Bin Kingombe C.I.,Microbiology Research Division | D'Aoust J.-Y.,Microbiology Research Division | Huys G.,Ghent University | Hofmann L.,Microbiology Research Division | And 2 more authors.
Applied and Environmental Microbiology | Year: 2010

A novel multiplex PCR method using three sets of specific primers was developed for the detection of the cytotoxic (act), heat-labile (alt), and heat-stable (ast) enterotoxin genes in Aeromonas spp. This assay was used to characterize 35 reference strains as well as 537 food-borne isolates. A total of seven gene pattern combinations were encountered, including act, alt, act/alt, act/alt/ast, act/alt/148-bp amplicon, alt/ast,and alt/alt/148-bp amplicon. The alt gene was detected with 34 reference strains (97%) and occurred singly in 14% of these strains. The frequency of occurrence of the act/alt, act/alt/ast, and alt/ast gene patterns in reference strains was 14 (40%), 2 (6%), and 2 (6%), respectively. An unpredicted amplicon was detected in 11 reference strains (31%). Characterization of this amplicon showed that its size was 148 bp, as generated by the AHLF and AHLR primers, and that it uniquely aligned with the Aeromonas salmonicida A449 genome sequence (GenBank accession number CP000644). This amplicon was named Aeromonas salmonicida subsp. salmonicida hypothetical protein amplicon (AssHPA). In the 537 food-borne isolates, the act and alt genes were most dominant and were detected in 349 (65%) and 452 (84%) isolates, respectively, either alone or in combinations. The act and alt genes occurred singly in 30 (6%) and 128 (24%) of these strains, respectively. The act/alt gene pattern occurred in 315 isolates (59%), whereas the ast gene was always linked to strains exhibiting the act/alt/ast and alt/ast gene combinations in 4 (0.7%) and 5 (0.9%) isolates, respectively. The uniplex amplification of three enterotoxin genes separately confirms the specificity of the unique selected primers. This multiplex PCR is rapid and simple and can detect the presence of three Aeromonas enterotoxin genes in a single assay. Copyright © 2010, American Society for Microbiology. All Rights Reserved. Source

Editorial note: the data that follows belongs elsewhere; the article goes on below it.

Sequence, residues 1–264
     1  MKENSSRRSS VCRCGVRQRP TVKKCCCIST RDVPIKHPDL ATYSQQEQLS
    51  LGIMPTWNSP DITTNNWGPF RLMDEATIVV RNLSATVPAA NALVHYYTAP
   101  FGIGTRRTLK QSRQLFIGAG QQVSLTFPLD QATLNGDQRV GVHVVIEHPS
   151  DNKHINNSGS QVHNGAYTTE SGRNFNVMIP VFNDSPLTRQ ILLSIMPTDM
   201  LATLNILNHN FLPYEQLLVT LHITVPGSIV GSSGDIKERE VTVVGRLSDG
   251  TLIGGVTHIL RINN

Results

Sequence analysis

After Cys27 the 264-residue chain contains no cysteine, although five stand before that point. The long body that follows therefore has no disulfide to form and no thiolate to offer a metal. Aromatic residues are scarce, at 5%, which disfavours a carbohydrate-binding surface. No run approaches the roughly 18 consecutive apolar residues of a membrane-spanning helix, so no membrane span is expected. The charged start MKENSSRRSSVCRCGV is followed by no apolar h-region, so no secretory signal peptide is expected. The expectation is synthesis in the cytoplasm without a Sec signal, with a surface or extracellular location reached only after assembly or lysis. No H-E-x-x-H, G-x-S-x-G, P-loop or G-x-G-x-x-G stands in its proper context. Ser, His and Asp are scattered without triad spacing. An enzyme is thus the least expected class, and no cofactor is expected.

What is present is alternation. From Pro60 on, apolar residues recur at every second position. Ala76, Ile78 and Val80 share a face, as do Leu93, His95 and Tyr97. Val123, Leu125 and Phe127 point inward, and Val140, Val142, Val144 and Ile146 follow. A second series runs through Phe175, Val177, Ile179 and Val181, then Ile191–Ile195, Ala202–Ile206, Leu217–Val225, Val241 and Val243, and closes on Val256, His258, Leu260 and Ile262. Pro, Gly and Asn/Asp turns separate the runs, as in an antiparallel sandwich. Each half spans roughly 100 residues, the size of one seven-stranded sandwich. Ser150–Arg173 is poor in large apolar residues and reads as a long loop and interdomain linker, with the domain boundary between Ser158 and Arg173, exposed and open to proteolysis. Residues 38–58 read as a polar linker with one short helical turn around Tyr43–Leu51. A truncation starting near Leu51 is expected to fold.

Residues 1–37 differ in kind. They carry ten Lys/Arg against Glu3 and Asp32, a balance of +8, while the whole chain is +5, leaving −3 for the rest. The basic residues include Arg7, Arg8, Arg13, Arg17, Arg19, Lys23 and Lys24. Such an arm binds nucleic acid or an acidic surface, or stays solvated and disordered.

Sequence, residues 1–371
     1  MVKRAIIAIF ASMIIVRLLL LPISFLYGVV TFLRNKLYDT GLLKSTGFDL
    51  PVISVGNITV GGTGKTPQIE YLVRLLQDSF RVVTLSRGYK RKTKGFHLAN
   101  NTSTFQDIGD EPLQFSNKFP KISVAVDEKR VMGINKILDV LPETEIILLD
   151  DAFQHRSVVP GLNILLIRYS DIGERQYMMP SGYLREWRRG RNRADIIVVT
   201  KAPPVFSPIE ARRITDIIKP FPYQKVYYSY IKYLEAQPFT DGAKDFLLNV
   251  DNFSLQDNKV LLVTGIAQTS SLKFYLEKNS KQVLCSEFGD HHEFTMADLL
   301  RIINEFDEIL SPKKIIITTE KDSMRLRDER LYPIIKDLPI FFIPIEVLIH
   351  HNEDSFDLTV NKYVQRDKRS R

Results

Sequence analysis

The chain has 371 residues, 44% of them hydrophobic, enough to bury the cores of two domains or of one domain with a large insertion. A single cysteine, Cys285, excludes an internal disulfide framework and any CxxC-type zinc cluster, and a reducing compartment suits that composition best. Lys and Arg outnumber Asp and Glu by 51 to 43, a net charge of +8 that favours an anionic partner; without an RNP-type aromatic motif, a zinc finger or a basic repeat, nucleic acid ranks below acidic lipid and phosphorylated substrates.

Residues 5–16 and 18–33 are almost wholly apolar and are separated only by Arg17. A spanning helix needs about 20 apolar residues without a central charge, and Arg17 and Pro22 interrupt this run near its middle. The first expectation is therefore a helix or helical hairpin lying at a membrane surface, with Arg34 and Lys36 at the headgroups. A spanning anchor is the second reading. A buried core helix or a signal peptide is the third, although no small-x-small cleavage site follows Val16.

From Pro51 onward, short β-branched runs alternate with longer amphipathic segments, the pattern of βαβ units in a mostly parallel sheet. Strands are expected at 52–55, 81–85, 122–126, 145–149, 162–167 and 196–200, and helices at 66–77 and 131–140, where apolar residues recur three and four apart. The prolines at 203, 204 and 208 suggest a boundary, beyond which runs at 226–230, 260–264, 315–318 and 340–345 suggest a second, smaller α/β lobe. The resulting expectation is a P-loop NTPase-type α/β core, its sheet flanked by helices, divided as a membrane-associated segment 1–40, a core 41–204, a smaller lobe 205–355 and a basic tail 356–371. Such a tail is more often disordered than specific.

Discover hidden collaborations